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magnification (Afshan et al., 2014).Contaminants in water enter the food chain leading to negative impacts (Akinmoladun et al., 2007) and mortality to fish (Per-Arne et al., 1997;

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Akinmoladun, et al., 2007). Heavy metal bio-accumulation in fish are important because fish

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tissues have higher uptake levels of some metals e.g. arsenic and mercury (Afshan et al., 2014). Accordingly, such pollutants can easily reach human through bio-magnification up the food chain (Amundsen et al., 1997), leading to diseases (Al-Yousuf et al., 2000). The prevalence of

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heavy metals in measurable amounts across all aquatic ecosystems (Authman et al., 2015) raises

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an important environmental concern.

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Afshan et al. (2014) reported that heavy metals enter fish bodies through gills, gastro intestinal tract and the body surfaces. The metals impact fish growth and reproductive potential (Per-Arne et al., 1997), deteriorate immunity and cause pathological changes (Authman et al., 2015). Fish respond to heavy metals either by accumulating, elimination or shifting them to higher trophic levels (Shah and Altindag, 2005). The fate of accumulated heavy metals in fish is dependent on storage and/or elimination capacity (Abdallah and Morsy, 2013). Therefore, higher uptake with low elimination results into high accumulation of contaminants in tissues and vice versa.

Pollutants that have been reported to negatively affect fish include mercury, chromium, copper, zinc, lead and nickel. Lake Rukwa hosts a variety of catfish species including Clarias gariepinus and tilapiines like Oreochromis rukwaensis and Oreochromis escluentus declared vulnerable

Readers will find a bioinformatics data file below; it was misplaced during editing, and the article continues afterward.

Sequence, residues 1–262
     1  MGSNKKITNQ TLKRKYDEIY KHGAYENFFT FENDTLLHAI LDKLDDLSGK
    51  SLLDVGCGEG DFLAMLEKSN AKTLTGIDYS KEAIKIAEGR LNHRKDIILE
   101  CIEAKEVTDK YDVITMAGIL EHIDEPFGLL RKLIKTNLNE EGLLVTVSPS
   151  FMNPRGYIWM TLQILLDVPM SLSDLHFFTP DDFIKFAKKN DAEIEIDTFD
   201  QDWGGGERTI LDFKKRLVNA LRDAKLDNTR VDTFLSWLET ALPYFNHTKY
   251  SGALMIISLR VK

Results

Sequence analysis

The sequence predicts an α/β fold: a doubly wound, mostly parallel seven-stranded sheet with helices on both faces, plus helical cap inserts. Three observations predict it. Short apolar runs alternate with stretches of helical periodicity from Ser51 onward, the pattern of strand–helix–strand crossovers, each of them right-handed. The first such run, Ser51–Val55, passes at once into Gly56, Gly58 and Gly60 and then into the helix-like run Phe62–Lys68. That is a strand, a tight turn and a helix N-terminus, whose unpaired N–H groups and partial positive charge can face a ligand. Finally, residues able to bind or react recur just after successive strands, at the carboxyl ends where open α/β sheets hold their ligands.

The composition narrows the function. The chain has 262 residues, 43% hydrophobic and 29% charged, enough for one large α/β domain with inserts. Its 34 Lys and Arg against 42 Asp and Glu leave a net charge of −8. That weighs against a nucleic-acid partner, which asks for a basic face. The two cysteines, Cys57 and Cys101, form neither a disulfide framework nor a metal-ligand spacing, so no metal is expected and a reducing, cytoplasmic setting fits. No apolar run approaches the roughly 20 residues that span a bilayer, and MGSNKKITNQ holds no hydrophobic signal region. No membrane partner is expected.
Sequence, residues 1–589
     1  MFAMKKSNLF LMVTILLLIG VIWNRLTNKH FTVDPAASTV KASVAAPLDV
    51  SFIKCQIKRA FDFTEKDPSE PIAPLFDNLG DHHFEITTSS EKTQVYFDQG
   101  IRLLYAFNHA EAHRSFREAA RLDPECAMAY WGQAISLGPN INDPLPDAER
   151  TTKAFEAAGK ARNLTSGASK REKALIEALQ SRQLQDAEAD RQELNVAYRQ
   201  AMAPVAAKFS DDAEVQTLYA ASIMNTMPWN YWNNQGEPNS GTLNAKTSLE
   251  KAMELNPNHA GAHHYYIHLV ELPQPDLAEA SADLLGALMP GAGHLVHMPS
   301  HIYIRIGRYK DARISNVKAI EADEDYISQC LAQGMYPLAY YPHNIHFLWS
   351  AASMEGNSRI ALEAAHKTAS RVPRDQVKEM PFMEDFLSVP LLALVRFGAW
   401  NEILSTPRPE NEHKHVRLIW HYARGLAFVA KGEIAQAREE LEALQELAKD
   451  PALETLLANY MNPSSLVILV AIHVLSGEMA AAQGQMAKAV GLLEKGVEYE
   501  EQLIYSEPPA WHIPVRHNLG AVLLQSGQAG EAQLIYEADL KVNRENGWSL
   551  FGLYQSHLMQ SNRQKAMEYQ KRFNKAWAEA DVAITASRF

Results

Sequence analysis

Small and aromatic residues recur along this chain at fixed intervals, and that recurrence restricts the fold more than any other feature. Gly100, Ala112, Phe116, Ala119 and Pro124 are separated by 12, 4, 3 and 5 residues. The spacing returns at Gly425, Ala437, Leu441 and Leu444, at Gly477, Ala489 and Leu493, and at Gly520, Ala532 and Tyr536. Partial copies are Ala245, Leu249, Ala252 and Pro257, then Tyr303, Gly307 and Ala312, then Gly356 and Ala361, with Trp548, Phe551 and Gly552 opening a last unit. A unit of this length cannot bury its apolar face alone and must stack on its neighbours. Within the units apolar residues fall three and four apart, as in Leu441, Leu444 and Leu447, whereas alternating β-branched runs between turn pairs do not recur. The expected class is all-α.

Journal Pre-proof according to IUCN Red List (2018). Therefore, the present study focused at both sustainable management and conservation of fish resources in Lake Rukwa by assessing the extent of heavy metal contamination. The primary objective of the study was to determine the concentration of heavy metals in C. gariepinus, O. esculantus, sediments and water in Lake Rukwa and its river inlets in Songwe District (former Chunya District), Songwe Region, Tanzania. Description of the Study Site Lake Rukwa is an inland lake covering an area of about 5,760 km2. Major inlets into the Lake are

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Luika, Songwe, Kikamba and Yeye Rivers. The Lake lying between 8°00′S and 32°25′E is close

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to abandoned and ongoing gold mining sites. The present study was done in the Southern part of the Lake covering Luika and Songwe River Mouths and offshore (Figure 1). Socio-economic

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activities of communities along Lake Rukwa include agriculture, livestock keeping, fishing and gold mining. The lake is surrounded by varieties of terrestrial wildlife animals and plant species.

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The Lake is also gifted with aquatic biodiversity that include hippopotamus, crocodiles, turtles

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and fish species. The lake experiences two seasons that are dry and wet annually.

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Figure 1: A map of Lake Rukwa showing the sampling stations, data source Institute of Marine Sciences, GIS lab.

Journal Pre-proof Sampling Methods Five transects were established for sampling in the South of Lake Rukwa including Luika and Songwe River mouths. The rivers flow through abandoned mines areas; current mining and artisanal fisheries are taking place. Sampling was done twice during the dry (September – October, 2016) and wet (March – May, 2017) seasons. Choice of the wet seasons based on the fact that probability that uptake of metals would be high due to River discharges and surface runoffs. Transects (100m long) on the Lake shore and River mouths were used for water and

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sediment sampling. On each transect one sampling point was set in the middle. Water samples were collected from the water surface using three water bottles each with a capacity of 0.5 litres.

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A grab sampler was used for sediment sampling on the shoreline of the lake. Fish sampling was randomly done by purchasing fresh fish from fisherfolk while they were still fishing. Sediment

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sampling was done close to river mouths where the two rivers meet (SS1), Luika (SS2) and

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Songwe (SS3) river mouths stations.

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Water quality parameters were measured in situ. These involved conductivity (μS cm−1), salinity, turbidity and temperature (°C). Salinity was measured using a hand-held salinometer (Model: YSI # 85/10 FT, USA), pH by a hand-held pH/mV meter (Model: SX 711), turbidity by